The microbiota of the human gut interacts with the immune and endocrine systems and plays a role in diseases like diabetes, cancers and even neuro-chemical imbalances such as schizophrenia. In MIMIO we will study the great potential in the ability to manipulate the microbiota into a stable healthy state. However, key challenges remain:

(i) Oral administration of microorganisms is preferred and allows delivery to ileum. However, most microbes do not survive the passage through the hostile environment of the upper gastrointestinal (GI) tract.

(ii) The delivered microorganisms need to be able to enter the mucus layer covering the intestinal surface – otherwise they will typically be outcompeted by native bacteria that have this mucus penetrating ability.

(iii) The delivered microorganisms need to be able to multiply and colonize the gut mucosa.  In many reported attempts, this is a challenge due to the resilience of the existing microbiota.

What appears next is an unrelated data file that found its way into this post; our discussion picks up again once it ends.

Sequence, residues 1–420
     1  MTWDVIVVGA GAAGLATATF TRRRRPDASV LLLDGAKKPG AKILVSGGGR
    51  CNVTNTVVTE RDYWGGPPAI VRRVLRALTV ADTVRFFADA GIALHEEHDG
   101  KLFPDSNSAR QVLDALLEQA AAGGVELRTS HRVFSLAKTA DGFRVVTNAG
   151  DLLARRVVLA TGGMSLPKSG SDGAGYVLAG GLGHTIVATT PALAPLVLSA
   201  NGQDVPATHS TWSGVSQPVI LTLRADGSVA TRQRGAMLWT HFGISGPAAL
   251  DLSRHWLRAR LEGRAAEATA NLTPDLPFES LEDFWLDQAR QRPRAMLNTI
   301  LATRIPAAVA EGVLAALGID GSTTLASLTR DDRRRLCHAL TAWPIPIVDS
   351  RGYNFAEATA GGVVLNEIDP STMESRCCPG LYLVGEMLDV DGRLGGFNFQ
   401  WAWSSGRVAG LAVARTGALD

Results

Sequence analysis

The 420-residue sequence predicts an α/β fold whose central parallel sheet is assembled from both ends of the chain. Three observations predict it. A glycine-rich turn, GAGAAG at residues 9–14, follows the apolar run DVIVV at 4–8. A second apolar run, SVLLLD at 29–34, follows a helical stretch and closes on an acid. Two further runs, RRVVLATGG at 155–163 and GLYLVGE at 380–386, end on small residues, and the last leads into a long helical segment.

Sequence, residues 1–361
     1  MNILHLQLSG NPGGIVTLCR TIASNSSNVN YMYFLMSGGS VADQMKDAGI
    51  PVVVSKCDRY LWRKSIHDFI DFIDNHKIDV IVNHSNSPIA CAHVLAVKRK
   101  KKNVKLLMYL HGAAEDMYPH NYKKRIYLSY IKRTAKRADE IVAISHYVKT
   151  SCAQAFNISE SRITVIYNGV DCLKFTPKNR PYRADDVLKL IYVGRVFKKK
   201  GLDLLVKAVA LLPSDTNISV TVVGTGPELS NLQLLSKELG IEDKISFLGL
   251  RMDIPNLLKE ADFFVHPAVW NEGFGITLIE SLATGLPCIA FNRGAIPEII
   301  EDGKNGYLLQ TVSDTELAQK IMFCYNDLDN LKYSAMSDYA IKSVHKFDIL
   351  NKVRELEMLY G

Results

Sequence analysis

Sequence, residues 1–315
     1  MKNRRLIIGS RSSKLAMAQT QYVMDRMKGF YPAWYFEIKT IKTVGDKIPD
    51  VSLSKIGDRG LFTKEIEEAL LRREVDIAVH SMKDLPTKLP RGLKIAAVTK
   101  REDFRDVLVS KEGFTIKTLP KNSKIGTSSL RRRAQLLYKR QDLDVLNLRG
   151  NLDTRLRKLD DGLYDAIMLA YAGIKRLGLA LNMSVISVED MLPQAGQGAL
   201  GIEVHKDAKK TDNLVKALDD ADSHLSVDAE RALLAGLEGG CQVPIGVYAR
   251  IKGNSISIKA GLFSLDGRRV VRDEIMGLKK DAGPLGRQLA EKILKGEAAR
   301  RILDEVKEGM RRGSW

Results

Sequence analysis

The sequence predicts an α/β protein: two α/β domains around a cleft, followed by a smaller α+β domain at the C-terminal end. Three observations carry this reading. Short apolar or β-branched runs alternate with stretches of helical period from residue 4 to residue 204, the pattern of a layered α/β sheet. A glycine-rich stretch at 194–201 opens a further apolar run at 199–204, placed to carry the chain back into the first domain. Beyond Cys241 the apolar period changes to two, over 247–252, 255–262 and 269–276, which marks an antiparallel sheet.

It is the ambition of the MIMIO project to explore nano and microfabricated containers for oral delivery of microorganisms. The overall goal is that microcontainers will ensure better establishment and colonization of delivered microorganisms, compared to the technologies available today. The devices will be developed and tested in mouse models for their ability to:

(i) Protect living microorganisms until and during delivery in ileum or colon.

(ii) Enable embedding into intesti­nal mucosa for enhanced and targeted seeding of microorganisms.

(iii) Realize an efficient environment for proliferation of the microorganisms through delivery into the mucus layer and through co-delivery of i.e. growth stimulating (prebiotic) substrates and/or localized pre-release of antibiotics to pave the way for a new bacterial community.

(iv) Prevent or cure UC associated microbial dysbiosis in relevant animal models.

Read the press coverage about the MIMIO project here:  and here

11 JULY 2020